An empirical insight into a major flaw of PINDA (v2) bed level probing… and why 7x7 makes things even worse
 
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An empirical insight into a major flaw of PINDA (v2) bed level probing… and why 7x7 makes things even worse  

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This_Dude_Jay
(@this_dude_jay)
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Topic starter answered:
RE: An empirical insight into a major flaw of PINDA (v2) bed level probing… and why 7x7 makes things even worse
Posted by: @cwbullet

@this_dude_jay

The bottom line is the Spinda is different and it does have superior performance.  I have been using one for a few weeks.  I was going to hold off installation until one crapped out.  I am glad I did not.  I am getting a better first layer with more consitance.  

Sounds promissing 🙂 But I still believe this could also be achieved with less sophisticated hardware, but a clever error cancelling solution 

Posted : 28/05/2021 6:25 pm
This_Dude_Jay
(@this_dude_jay)
Active Member
Topic starter answered:
RE: An empirical insight into a major flaw of PINDA (v2) bed level probing… and why 7x7 makes things even worse
Posted by: @anachronist

One thing I have noticed is a tendency for my PLA prints to adhere with more difficulty to the top right quadrant than the rest of the sheet. I have one of those powder-coated textured steel sheets, though, and PLA doesn't stick well to it in the first place. However, this thread makes me wonder if I'm experiencing the effects of temperature changes in my PINDA (the gray-tipped one) as the 7x7 calibration progresses.

If I do the z calibration, I can look closely at the line printed in that quadrant and I can imagine that it isn't as squished as the rest (suggesting a calibration error), but that could easily be my imagination.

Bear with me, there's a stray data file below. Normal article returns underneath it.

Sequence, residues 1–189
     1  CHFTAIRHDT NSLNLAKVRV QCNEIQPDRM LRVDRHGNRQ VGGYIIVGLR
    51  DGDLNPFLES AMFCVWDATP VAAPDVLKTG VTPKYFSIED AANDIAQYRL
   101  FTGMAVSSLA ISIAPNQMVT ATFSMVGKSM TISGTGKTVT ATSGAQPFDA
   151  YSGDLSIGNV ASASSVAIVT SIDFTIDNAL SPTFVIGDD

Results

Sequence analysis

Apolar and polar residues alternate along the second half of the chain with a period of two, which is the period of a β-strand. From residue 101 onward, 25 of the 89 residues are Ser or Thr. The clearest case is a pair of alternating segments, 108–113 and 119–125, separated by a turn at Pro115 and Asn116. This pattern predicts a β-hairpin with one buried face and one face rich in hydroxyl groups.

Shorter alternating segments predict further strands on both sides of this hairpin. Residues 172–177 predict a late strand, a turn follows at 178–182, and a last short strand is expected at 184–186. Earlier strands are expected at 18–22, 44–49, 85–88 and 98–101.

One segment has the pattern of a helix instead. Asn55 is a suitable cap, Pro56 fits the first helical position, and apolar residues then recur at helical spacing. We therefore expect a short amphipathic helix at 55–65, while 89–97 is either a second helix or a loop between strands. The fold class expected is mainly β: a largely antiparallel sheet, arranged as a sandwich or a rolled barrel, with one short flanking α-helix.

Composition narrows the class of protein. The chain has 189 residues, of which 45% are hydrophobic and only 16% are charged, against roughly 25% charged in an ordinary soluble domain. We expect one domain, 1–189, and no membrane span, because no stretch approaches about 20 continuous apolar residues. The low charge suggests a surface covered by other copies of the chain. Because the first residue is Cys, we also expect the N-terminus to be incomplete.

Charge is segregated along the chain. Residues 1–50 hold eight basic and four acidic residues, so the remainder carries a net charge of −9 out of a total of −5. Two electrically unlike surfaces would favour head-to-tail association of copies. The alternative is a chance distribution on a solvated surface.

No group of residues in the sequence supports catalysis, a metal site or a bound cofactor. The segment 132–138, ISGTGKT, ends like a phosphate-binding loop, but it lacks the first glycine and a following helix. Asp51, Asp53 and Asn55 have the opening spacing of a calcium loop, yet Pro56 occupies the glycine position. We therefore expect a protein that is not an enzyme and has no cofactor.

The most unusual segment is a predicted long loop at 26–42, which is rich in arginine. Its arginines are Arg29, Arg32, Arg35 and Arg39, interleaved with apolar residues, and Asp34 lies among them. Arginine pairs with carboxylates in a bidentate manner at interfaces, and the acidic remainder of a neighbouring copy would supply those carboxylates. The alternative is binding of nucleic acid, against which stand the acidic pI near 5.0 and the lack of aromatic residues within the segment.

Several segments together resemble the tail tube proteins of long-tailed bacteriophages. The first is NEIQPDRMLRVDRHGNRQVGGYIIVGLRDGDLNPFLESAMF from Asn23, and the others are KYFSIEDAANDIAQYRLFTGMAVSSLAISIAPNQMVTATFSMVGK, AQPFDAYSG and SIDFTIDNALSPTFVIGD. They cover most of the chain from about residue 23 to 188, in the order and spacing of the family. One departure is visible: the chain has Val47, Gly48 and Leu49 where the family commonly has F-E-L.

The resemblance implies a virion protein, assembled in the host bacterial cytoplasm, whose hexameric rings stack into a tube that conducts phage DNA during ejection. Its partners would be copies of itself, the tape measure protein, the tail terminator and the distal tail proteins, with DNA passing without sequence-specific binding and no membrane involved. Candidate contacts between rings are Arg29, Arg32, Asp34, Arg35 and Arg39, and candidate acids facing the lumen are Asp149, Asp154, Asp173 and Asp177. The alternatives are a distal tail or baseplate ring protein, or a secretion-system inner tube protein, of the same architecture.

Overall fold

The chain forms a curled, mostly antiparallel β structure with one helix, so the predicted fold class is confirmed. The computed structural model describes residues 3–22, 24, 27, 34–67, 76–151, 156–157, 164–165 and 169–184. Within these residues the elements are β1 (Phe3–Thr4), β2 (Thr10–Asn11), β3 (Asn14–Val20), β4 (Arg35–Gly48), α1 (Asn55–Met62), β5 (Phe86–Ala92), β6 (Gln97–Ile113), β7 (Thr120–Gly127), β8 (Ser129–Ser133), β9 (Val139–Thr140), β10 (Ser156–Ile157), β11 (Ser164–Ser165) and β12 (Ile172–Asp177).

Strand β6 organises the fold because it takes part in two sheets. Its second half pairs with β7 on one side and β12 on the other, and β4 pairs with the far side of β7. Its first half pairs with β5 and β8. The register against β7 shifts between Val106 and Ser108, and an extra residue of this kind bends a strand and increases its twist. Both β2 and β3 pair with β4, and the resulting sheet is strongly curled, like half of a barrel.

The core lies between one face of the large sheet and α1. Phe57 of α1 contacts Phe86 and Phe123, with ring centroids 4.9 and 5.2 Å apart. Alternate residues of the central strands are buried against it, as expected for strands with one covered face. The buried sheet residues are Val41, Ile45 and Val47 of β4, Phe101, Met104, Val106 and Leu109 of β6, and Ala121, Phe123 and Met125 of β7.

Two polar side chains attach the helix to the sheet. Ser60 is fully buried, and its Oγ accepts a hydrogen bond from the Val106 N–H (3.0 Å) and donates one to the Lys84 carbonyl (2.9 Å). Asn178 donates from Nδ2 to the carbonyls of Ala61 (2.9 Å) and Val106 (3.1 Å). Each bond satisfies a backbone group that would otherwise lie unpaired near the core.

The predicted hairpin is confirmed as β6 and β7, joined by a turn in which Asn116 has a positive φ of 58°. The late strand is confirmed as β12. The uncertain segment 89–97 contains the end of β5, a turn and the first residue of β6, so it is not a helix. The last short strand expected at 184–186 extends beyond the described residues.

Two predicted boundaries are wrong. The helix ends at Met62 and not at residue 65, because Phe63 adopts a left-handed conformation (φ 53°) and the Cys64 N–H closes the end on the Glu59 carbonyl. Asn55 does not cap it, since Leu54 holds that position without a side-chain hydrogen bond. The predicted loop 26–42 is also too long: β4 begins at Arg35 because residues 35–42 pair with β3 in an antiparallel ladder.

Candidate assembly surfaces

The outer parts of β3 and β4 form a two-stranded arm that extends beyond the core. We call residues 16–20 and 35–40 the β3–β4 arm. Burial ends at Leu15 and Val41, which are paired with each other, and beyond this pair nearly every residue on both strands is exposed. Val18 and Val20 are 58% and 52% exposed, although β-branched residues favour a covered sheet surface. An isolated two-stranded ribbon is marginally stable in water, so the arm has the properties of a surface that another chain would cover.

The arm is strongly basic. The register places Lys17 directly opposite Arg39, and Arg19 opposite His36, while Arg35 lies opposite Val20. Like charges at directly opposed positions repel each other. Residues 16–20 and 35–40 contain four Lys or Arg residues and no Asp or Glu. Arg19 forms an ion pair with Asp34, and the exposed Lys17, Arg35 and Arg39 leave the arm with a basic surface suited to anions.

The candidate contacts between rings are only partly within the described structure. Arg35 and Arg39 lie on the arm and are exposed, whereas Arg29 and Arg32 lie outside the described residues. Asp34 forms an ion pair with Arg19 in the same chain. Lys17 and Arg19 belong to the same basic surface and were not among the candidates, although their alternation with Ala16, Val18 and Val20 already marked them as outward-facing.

It's hard to say with that powder-coated steel sheet.

When a print comes loose from the top right quadrant, I know it's time to wash my sheet in warm soapy water. That fixes it for quite a while... the interval between washings has increased since I got the printer in 2019, I assume because my sheet is getting "seasoned" like a well-used cast-iron skillet (and I print only on one side of the sheet). Oddly, 99% isopropyl alcohol does nothing to improve adhesion in this event. Only warm soapy water does the trick.

I guess the best way to test whether the weaker adhesion in the top right quadrant is due to calibration, is to rotate the sheet 180 degrees and print with the sheet upside down and see if adhesion continues to be weak in the top right (suggesting the problem is the PINDA and not the coating on the sheet) although that redistributes the steel on the top and bottom edges, and I don't know if that messes with the PINDA sensing.

Difficult to tell, if it this is due to a some kind of worn out/malfunctioning bed or a sensing problem. Have you done the 3x3 first layer test to see if there are any differences?

Will be interesting to see if the flip does change something

Posted : 28/05/2021 6:29 pm
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